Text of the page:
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Giving Form to the Invisible: Graffito Works at PAFA
Photo: Graffito Works


Giving Form to the Invisible: Graffito Works at PAFA

by Kat Sullivan

The embodied monuments by transmasculine artist Cassils in the PAFA exhibition Melt/Carve/Forge are heavy, a lot to hold, and are intended to be so. Across the room, a video installation of Cassils’ bare torso pressing against an ice casting of a Grecian male depicts a body melting into another form (an endurance work; a statement on the fluidity of shape as it correlates to gender; a jab at the classical, heteronormative, cisgender history of Western art). Across the rotunda, inside PAFA’s Frank Furness building, is a grid of photographs showing Cassils’ body from right side to center to left side, depicting their 23-week performance piece gaining 23 pounds of muscle (another endurance work and a statement on the power and agency of trans bodies).

When Graffito Works begins the first set of their site-specific improvisation, I am standing beside the projection of the melting body forms, watching various members of the ensemble lay themselves atop Beau Hancock in the middle of the room. Lee Fogel steps aside to observe. The sound accompaniment of Julius Masri thrums with low, steady notes. The four dancers, including Hancock, begin a slow-motion slide off one another’s backs to the floor. Their slow but weighted action, and endurance, are gripping.

As I have been this week, as have many of us, my attention pulls back and forth between the gravity of the moment (the weight of trans bodies made visible, of the bodies in front of me responding in real time), and the gravity of Trump’s tenure as President (the weight of all of us, hurtling towards the unknown). I am afraid, I am so afraid.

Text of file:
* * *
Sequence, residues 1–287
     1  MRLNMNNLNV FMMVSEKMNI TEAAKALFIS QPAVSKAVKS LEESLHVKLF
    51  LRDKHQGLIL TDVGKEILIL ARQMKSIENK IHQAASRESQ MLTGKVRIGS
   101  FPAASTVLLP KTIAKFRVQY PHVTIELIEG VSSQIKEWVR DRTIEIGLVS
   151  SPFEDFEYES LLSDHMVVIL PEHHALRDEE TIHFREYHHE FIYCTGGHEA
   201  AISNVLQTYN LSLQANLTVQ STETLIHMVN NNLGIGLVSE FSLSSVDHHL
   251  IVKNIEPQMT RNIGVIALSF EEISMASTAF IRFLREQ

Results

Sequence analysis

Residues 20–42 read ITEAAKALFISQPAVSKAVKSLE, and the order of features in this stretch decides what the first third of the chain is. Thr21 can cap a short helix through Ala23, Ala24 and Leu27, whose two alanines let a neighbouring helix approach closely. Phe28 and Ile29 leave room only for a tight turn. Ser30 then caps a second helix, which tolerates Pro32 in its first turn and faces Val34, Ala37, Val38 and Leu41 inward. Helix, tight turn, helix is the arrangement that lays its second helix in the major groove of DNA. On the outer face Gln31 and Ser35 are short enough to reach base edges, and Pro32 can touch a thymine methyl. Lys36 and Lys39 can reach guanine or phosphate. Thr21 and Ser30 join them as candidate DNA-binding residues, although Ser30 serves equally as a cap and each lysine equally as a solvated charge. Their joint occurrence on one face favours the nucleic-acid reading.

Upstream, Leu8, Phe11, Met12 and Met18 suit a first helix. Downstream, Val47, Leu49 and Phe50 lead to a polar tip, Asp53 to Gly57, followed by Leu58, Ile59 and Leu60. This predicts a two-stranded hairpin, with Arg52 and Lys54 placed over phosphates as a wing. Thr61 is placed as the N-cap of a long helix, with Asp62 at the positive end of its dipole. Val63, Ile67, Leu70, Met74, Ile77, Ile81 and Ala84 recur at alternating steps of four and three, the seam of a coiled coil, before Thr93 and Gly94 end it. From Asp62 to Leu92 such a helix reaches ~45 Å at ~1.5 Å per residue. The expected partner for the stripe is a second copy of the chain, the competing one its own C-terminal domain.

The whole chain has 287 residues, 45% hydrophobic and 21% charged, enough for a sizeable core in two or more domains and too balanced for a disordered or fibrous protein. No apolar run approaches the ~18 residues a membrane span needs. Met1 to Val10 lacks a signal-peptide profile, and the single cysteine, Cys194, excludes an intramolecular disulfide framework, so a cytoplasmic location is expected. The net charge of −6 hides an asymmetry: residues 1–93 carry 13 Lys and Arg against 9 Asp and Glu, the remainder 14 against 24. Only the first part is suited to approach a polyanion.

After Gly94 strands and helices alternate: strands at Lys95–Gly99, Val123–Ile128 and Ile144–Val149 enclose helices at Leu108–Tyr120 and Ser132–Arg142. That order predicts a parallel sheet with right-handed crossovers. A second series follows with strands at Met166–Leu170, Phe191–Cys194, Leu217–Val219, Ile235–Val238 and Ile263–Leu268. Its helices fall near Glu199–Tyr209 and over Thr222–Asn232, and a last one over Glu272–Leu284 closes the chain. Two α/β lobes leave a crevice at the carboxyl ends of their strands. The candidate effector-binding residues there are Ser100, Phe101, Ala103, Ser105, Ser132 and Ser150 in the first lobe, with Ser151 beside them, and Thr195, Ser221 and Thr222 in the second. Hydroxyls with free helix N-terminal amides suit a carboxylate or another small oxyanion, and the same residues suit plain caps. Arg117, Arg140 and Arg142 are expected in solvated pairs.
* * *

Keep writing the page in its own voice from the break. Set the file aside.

I slip downstairs.

The gallery is wallpapered with images of the audience viewing of Cassils’ performance Becoming an Image during which the artist pummels and pounds a massive clay obelisk with taped wrists, forming a monument to trans victims of violence with their audience as witness. Photos of Cassils in the performance mounted on the walls are a testament to the artist’s persistence in performance. They are sweaty, the small muscles of their abdomen rippling outward like an echo, their face screwed in effort. In some of the photos, their chest is bound, in others they are clad only in a nude pair of underwear and protective wrist wraps. A gnarled bronze recasting of Cassils’ original clay monolith looms into my line of vision immediately entering the room. Up close, you can see the lines of fingerprints from hand-contact.

As I enter the room, I see Meg Foley first, walking with painstaking intention and slowness. Cassils’ soundscape Ghost is playing through speakers; a recording of their grunts, their yells, the thumps of their heart pounding, breath rattling, and, perhaps most sickeningly, the fleshy thwack of their body against the clay. Foley, Zornitsa Stoyanova, and Megan Mazarick all move agonizingly, tortuously. Their necks twist around and back on their spines; I see their tendons, and it looks like they might gag.

The very second the dance ends, the exact moment the last of the trio leaves, my fellow spectators swarm the room, frenzied in what felt to me like an attempt to clear the unsettled energy, to dissipate the weight.

I saw Graffito Works perform exactly 40 hours before Donald Trump was inaugurated as President. To the invisible bodies: I will be your audience. I will see you. You are not unwitnessed. You are not unloved.

Graffito Works, Pennsylvania Academy of the Fine Arts, Jan. 19t’. https://www.pafa.org/events/pafa-after-dark-themed-night-and-out



By Kat Sullivan
February 16, 2017

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